The failure of the regime to produce an enlightened populace and a transparent and accountable governance environment therefore resulted to the unending election victory of Jawara. But at the same time, this quagmire was also eating into the fabric of the state and society such that public institutions were getting weaker while the incidence of corruption and oppressive tendencies were building up as the years go by. Thus by the end of the first decade of independence, it was obvious that the Gambian nation-state was no more well positioned to adequately address the needs and aspirations of the people. The first indication of this was to come at the end of the first decade of independence when in 1981 a band of armed criminals led the late Kukoi Samba Sanyang invaded the country in an insurrection that claimed hundreds of lives. The economic malaise that ensued led to the government seeking bailouts in the form of the Economic Recovery Program (ERP) from 1980-85 to be followed by the Program for Sustainable Development (PSD: 1985-90). These interventions meant that the government had to hand itself over to the Breton Woods institutions for salvation, clearly indicating that indeed Pres. Jawara lacked the capacity to manage the economy of the country, hence his regime’s failure to protect the sovereignty of citizens. These structural adjustment programs did not do anything other than impose dire economic conditions on the people through retrenchment of workers, introduction of user fees for public services, cutting down of public spending, privatization of national assets, and accepting capital flight within the wider framework of a grossly irresponsible economic liberalization program. These measures generated more poverty, inequality and corruption in which cost of living became more acute while social services remain expensive and unavailable for most citizens as hopelessness continued to grip the society. In the circumstances, it is not strange therefore that the country had to experience a military coup in 1994.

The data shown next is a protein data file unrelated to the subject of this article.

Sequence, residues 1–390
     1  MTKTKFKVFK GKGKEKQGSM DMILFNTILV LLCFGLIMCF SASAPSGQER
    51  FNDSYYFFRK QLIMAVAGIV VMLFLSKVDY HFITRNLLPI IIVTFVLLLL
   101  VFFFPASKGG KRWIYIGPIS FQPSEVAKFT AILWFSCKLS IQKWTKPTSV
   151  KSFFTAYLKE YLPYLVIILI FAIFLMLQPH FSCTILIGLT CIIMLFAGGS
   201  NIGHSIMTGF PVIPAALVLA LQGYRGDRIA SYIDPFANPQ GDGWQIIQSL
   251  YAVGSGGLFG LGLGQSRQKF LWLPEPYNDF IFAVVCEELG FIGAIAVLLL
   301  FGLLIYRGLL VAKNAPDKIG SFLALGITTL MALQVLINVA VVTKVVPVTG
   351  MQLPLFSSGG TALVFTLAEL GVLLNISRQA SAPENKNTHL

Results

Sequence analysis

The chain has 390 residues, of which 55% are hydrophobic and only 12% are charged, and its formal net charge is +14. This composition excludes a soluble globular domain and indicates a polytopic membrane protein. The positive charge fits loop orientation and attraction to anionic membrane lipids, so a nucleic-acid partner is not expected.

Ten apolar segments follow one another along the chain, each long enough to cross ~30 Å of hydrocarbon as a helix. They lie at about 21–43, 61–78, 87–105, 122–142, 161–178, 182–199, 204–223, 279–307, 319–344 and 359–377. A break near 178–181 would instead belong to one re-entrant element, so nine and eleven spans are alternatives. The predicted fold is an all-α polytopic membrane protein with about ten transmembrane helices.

Second Republic and Sovereignty
The 1994 coup was received with optimism, even though many people were cautious and apprehensive while a significant few responded to it with outright rejection. These responses could all be well appreciated for a number of reasons. First, it was clear that it will take a long time, if ever that elections will remove PPP and Jawara from the presidency. Even the new kids on the block, PDOIS that emerged in 1986 with a lot of promise of a new brand of enlightened politics was struggling to acquire a single seat back then. In the 1987 parliamentary elections PDOIS gained only 0.98% with no seat, and in the 1992 presidential election Sidia Jatta obtained only 5.24% while the party pulled just 2.30% in the parliamentary election with no seat.
The statements issued by the new rulers, i.e. the military junta greatly inspired many in the country especially when the leader of the group described themselves as soldiers with a difference. Jammeh went further to declare that they would effect necessary legal and institutional changes through a program of rectification, which will ensure that no Gambian ever rules the country for more than 10 years. Jawara was severely lambasted for presiding over a corrupt and inefficient regime in which poverty and inequality became the lot of the people. Jammeh therefore promised a new era of transparency, accountability and probity. For the first time, one could therefore conclude that there was that unique opportunity to indeed restore the sovereignty of the citizens and position the country on a path of good governance and sustainable development in one generation. The hopes of a better Gambia were further cemented by the fact that the young rulers were young Gambians from very poor backgrounds like the majority of the citizens and therefore people expected their unbending loyalty and commitment to the deepest aspirations of the masses. The fact that the junta leader himself was closely associated with the ruling elite as a security officer at State House lend credence to other analysis that he directly witnessed and experienced enough that indeed he would make true his words for a better democratic Gambia.
State of National Sovereignty